The Proceedings contain full texts of six papers which were presented at the 31st Czech – Polish – Slovak Symposium on Mining and Environmental Geophysics. Besides these papers, the Proceedings contain abstracts and conclusions of all papers published in Acta geodynamica and geomaterialia, Vol. 5, No. 2 (150) and abstracts of only oral presentations from the Symposium. The papers are focused on the results obtained by geophysical research in mines and also deal with environmental problems.
Štorch P. & Kraft P. (Eds., 2008): Workshop on Graptolite volume of Treatise on Invertebrate Paleontology and GWG Meeting. Abstract book and excursion guide. Praha: Geologický ústav AV ČR, v. v. i., 51 p.
A series of 14 abstracts of oral presentations devoted to various aspects of modern graptolite research. Lectures were presented during international workshop and conference of graptolite workers at Svatý Jan pod Skalou. The abstract book is supplemented by a concise guide to two days of excursions across the most interesting Ordovician and Silurian localities of the Barrandian area of central Bohemia.
4. Research Reports 4a. Foreign Grants, Joint Projects and International Programs MEIF-CT-2005-25605 MARIE CURIE CONTRACT under the Sixth Framework Programme: Geoarchaeology of European loess (L. Lisá & M. K. Jones, Department at Archaeology, Cambridge University, Great Britain)
The project was a part of the Specific Programme dedicated to structuring the European Research Area. Research was conducted at the Department at Archaeology, Cambridge University, Great Britain.
The principal aim of the research was to reconstruct the main geo-archaeological characteristics of the natural environment of Gravettian period recorded in loess deposits within Moravian valleys. The topography of European mountains and associated loess accumulations come together to render Moravia among the best locales to recover evidence of natural conditions and study the behavior of early modern humans. The natural corridor across the Moravian lowlands through the Moravian Gate serves as a chicane constraining the movement of humans and other species through the fluctuations of the Quaternary climate and environment. This corridor conserves deep loess deposits containing well studied Paleolithic sites, as well as buried soils and informative sediments.
Three main Gravettian localities within the Moravian corridor with sedimentological record of the last 30 ky were studied. The well known and the long-term studied Dolní Věstonice site (southern Moravia), the Předmostí site with the largest mammoth bone accumulations in Central Europe situated close to the Moravia/Silesia border, and the Hošťálkovice site on the southern edge of Silesia (northeastern Czech Republic). All three sites display different sedimentological and climatic records. Data based mainly on sedimentological, micromorphological and geochemical record show that during the Gravettian period, Dolní Věstonice had the most stable environment with good conditions for the preservation of short climate changes. Although the environment was quite stable, there were seasonal washouts and seasonal thawing and freezing cycles. Permafrost was obviously developed within the Last Glacial Maximum (LGM) above the cultural layer. The Předmostí site recorded a quite unstable environment including regular washout movements and landslides. Such environment depended mainly on elevated precipitation within this area. LGM is also recorded by the signs of permafrost, in this case displayed as frost edges. Hošťálkovice is a very poorly preserved locality with a lack of well developed cultural layers and sedimentological record. In general, Paleolithic hunters had to accept quite different and not only seasonal changes of environmental conditions during their migration within the Moravian corridor.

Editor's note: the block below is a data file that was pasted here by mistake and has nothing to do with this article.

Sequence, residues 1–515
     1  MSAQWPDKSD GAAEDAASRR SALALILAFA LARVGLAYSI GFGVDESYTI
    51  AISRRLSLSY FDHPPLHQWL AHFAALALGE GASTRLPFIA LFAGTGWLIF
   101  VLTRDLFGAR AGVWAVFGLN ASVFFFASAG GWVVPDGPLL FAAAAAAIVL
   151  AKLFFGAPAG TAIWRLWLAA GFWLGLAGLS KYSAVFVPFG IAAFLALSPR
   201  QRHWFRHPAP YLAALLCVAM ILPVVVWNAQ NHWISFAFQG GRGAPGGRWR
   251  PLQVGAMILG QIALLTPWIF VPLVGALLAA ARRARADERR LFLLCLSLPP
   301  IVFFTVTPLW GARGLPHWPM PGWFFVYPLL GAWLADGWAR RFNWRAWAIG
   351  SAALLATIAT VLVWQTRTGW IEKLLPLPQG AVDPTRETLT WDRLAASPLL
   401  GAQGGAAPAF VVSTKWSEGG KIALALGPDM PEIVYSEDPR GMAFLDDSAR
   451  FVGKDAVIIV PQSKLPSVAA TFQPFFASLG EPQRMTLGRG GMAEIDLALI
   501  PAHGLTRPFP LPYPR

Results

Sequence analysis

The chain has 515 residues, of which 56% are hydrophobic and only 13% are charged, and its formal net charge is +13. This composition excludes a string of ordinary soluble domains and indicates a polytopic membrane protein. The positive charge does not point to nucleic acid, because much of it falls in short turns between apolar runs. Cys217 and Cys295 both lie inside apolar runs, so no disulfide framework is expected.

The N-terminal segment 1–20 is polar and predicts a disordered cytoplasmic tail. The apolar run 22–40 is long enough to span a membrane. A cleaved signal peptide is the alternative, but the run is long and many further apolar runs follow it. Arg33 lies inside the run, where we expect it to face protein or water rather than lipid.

In the Middle and Upper Paleolithic sites of Dolní Věstonice, a 4.2 m thick loess sedimentary sequence of the Last Glacial exposed during excavations in 2006 was studied. This section is situated in the bottom slope of the Pavlovské vrchy Mountains, close to one of the anthropogenic terraces above an old brickyard. The landscape origin between the time and space is reflected mainly by the climatic changes within the end of the Last Interglacial and extreme climatic conditions of the LGM. These changes produced a system of sedimentological features now visible in the studied outcrop. The last 30 ky are represented by PK1 interstadial soil, Gravettian layers, calcium carbonate rich horizons and a complex of poorly developed soils. The interpretations of features are based on micromorphological studies, geochemistry, radiocarbon dating, magnetic properties and also on archaeological context.
The studied sequence contains A and B horizon of PK1 soil layer, a Gravettian cultural layer and several poorly developed soil horizons topped by the Holocene soil layer (Fig. 1). The entire profile was developed in loess sediments of an unchanging provenance. Geochemical and micromorphological methods together with magnetic properties were used for profile description. Three different parts were divided there according to field and laboratory observations.